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Assemblymember Bloom Opposes Teacher Dismissal Bill

Samantha Oltman | April 18, 2013



Earlier this month, LA School Report interviewed education players in California about AB 375, sponsored by Assemblymember Joan Buchanan (D-Alamo), which would streamline the dismissal process for teachers accused of sexual abuse and other forms of misconduct.proposal.

EdVoice, LAUSD, and others generally said they were happy something was being done to improve the current teacher dismissal process. But they also expressed concerns that the Buchanan bill didn’t have enough teeth to fix a system that has failed repeatedly to effectively dismiss teachers.

Since then, concerns have continued to surface — along with a handful of praise. Most recently, Assemblyman Richard Bloom (D-Santa Monica) has come out against the proposal. And written commentary from Mayor Antonio Villaraigosa is in the works, according to his office.

On April 1, Gloria Romero, the head of California’s Democrats for Education Reform, wrote a harsh critique of the bill the O.C. Register, claiming it will make things worse by “severely limiting pretrial evidence discovery, creating an entirely new hearing process for suspended teachers and disallowing consideration by the panel of new information.”

On April 7, the LA Times published an editorial in support of the proposal, observing that it “makes more sense” than “several reform-oriented bills [that] went overboard.”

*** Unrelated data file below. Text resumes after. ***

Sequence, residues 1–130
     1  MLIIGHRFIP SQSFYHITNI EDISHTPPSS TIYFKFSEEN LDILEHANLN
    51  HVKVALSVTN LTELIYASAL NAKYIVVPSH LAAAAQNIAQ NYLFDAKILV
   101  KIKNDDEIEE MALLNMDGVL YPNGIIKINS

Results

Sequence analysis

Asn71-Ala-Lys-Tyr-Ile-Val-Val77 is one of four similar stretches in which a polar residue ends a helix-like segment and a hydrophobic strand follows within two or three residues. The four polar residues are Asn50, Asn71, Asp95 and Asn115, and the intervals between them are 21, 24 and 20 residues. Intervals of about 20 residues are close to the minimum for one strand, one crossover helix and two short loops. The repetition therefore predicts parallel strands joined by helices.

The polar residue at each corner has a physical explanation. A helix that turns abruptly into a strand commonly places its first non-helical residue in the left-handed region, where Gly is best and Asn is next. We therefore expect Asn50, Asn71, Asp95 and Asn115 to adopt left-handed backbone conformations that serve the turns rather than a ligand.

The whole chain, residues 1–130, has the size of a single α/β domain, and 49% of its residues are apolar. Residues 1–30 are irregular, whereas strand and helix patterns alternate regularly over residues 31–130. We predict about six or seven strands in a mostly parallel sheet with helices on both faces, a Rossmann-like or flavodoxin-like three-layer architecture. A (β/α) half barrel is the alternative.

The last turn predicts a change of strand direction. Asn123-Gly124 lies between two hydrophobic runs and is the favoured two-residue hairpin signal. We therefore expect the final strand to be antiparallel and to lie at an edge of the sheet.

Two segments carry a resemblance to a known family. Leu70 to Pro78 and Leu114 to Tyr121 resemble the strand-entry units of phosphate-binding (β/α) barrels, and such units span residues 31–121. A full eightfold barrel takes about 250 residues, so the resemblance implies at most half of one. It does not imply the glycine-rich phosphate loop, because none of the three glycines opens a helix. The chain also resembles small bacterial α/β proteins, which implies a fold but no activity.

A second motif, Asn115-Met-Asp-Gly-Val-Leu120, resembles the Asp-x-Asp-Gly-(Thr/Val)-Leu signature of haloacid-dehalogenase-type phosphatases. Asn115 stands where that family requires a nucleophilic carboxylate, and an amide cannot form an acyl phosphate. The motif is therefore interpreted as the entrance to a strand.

But an April 11 Daily News editorial (“Bill makes it (a tiny bit) easier to fire abusive teachers,”) described the Buchanan proposal as a “watered-down” version of the previous legislation that makes only “small changes around the edges, but is hardly revolutionary.”

Specifically, “the bill requires appeals be wrapped up in seven months, which hardly seems speedy. And it retains an appeals board rather than leaving it up to district officials,” according to the Daily News.

Despite all the shortcomings it finds with AB 375, the Daily News wrote, “this bill should pass because it would improve the system we’ve got now – a little. The original [Padilla] bill would have served the public better, but because of the inordinate power of one organization, it didn’t have a chance.”

Earlier this week, Chris Wheat, a spokesperson for Assemblymember Bloom, told LA School Report that Bloom would not vote for the bill in its current form.

Bloom won a November 2012 contest against incumbent Betsy Butler in which he highlighted Butler’s refusal to support a previous teacher dismissal bill that was championed by Senator Alex Padilla.

“If we get the bill as written on the floor, we would not be able to support it,” Bloom spokesperson Wheat said.

Bloom specifically criticizes how the bill includes two teachers on a three-person commission that has the final say in whether a teacher is dismissed or not.

The LA Times raised the same issue, noting that “Buchanan’s bill would have better balanced the makeup of the review panel, by placing an administrator on it, or a parent.”

Mayor Antonio Villaraigosa plans to write a letter responding to AB 375, according to press secretary Vicki Curry, but she wasn’t able to disclose what kind of response it will be.

LA School Report has also reached out to lawyers representing victims affected by the Miramonte sexual abuse case to hear what they think about the bill. We’ll update you when we hear back.

On Tuesday, the LAUSD School Board voted to support the new teacher dismissal bill that’s making its way through the statehouse in Sacramento as well.

Previous posts: Mixed Reactions to New Teacher Dismissal Bill; Teacher Misconduct Proposal Wins Unexpected Support; More Failing Teachers Pushed Out Under Deasy

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